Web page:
[Jean Hunt, executive director of the Campaign for Working Families] isn't complaining about dance clubs like Denim or trendy stores like Urban Outfitters. "My adult children moved back to Philly," she says. "I want it to attract young people. But studies show you need to earn $17.83 an hour to afford the average home in Philadelphia today. Very few service jobs pay that kind of money."
Clearly it's great that Philadelphia's image is on the upswing. But it will take a lot of work and creative thinking to be sure that the improvements are felt by those on the lowest rung of the ladder too. The hype can't be allowed to get in the way of concrete planning.

Two tidbits

At America's Hometown, another look at recycling -- how much money it saves the state, and how little attention anybody in Philadelphia government is willing to give the program.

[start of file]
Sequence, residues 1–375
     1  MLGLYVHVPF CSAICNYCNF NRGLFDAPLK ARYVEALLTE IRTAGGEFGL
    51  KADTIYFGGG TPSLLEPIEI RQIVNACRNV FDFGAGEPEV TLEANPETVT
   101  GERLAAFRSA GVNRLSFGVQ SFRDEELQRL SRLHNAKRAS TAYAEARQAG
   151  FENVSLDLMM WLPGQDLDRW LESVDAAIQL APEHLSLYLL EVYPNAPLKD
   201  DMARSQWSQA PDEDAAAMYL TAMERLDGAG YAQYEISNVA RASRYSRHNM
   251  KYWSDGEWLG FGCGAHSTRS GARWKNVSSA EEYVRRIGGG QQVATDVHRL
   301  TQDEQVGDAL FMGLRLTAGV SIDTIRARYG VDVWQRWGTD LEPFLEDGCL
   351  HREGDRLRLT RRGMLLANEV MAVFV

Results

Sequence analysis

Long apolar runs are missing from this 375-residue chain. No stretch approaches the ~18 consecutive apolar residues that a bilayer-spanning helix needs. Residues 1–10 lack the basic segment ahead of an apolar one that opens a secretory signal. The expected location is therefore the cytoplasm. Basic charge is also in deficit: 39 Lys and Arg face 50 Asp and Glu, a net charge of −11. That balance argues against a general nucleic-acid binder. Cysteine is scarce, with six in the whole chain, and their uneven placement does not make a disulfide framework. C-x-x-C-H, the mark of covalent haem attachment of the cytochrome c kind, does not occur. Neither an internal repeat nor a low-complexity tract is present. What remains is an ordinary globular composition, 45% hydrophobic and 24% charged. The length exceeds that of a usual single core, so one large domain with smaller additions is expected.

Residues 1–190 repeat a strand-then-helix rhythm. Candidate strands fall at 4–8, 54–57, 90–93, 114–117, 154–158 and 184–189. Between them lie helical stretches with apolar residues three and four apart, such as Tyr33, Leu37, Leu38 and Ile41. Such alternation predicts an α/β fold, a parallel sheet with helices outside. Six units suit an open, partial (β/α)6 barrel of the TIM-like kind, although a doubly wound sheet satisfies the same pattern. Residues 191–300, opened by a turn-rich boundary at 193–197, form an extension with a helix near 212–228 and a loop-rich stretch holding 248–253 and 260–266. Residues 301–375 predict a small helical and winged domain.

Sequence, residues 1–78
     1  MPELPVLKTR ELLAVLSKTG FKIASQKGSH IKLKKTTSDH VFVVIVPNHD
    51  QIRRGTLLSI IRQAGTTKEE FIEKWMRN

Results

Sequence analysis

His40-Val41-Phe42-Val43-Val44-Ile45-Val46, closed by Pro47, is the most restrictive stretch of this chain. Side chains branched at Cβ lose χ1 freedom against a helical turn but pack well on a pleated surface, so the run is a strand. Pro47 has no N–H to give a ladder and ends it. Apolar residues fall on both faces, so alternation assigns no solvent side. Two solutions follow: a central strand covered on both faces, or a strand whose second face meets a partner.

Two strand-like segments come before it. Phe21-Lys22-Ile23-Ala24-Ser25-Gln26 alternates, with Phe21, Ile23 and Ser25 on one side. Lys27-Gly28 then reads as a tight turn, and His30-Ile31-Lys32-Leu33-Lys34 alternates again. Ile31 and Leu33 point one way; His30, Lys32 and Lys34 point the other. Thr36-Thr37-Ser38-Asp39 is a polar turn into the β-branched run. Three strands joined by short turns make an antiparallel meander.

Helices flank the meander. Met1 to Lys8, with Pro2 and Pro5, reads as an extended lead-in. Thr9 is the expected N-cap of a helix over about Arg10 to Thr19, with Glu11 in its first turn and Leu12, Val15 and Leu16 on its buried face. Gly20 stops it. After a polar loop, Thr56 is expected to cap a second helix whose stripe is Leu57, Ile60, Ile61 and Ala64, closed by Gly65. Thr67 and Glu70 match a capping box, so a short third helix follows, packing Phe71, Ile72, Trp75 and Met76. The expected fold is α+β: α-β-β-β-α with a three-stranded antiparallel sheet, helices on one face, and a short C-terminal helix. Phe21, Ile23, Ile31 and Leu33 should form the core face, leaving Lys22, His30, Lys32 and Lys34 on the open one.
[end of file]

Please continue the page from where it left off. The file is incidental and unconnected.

Via PoliticsPhilly, another installment of the Philly Record's "Know Your Ward Leader" series looks at Ward 30's Terry Gillen. [This ward is essentially between South and Washington, west of Broad.] Not mentioned here is that Gillen ran unsuccessfully in the primary against state Rep. Babette Josephs in 2004, and she also ran for City Council in 1999, so she's got ambitions beyond her neighborhood...

Update: a third worthy tidbit comes from Scott at MyDD, who looks at the 2006 US Senate race and the (non-obvious) support of business interests for Santorum.
Business clearly prefers a tax-cutting GOP populist to an old-school economic liberal. What's more, if the embattled incumbent survives Casey's challenge, business lobbyists know that Santorum could well run for President -- and nobody wants to get on his bad side by sitting out the Senate race.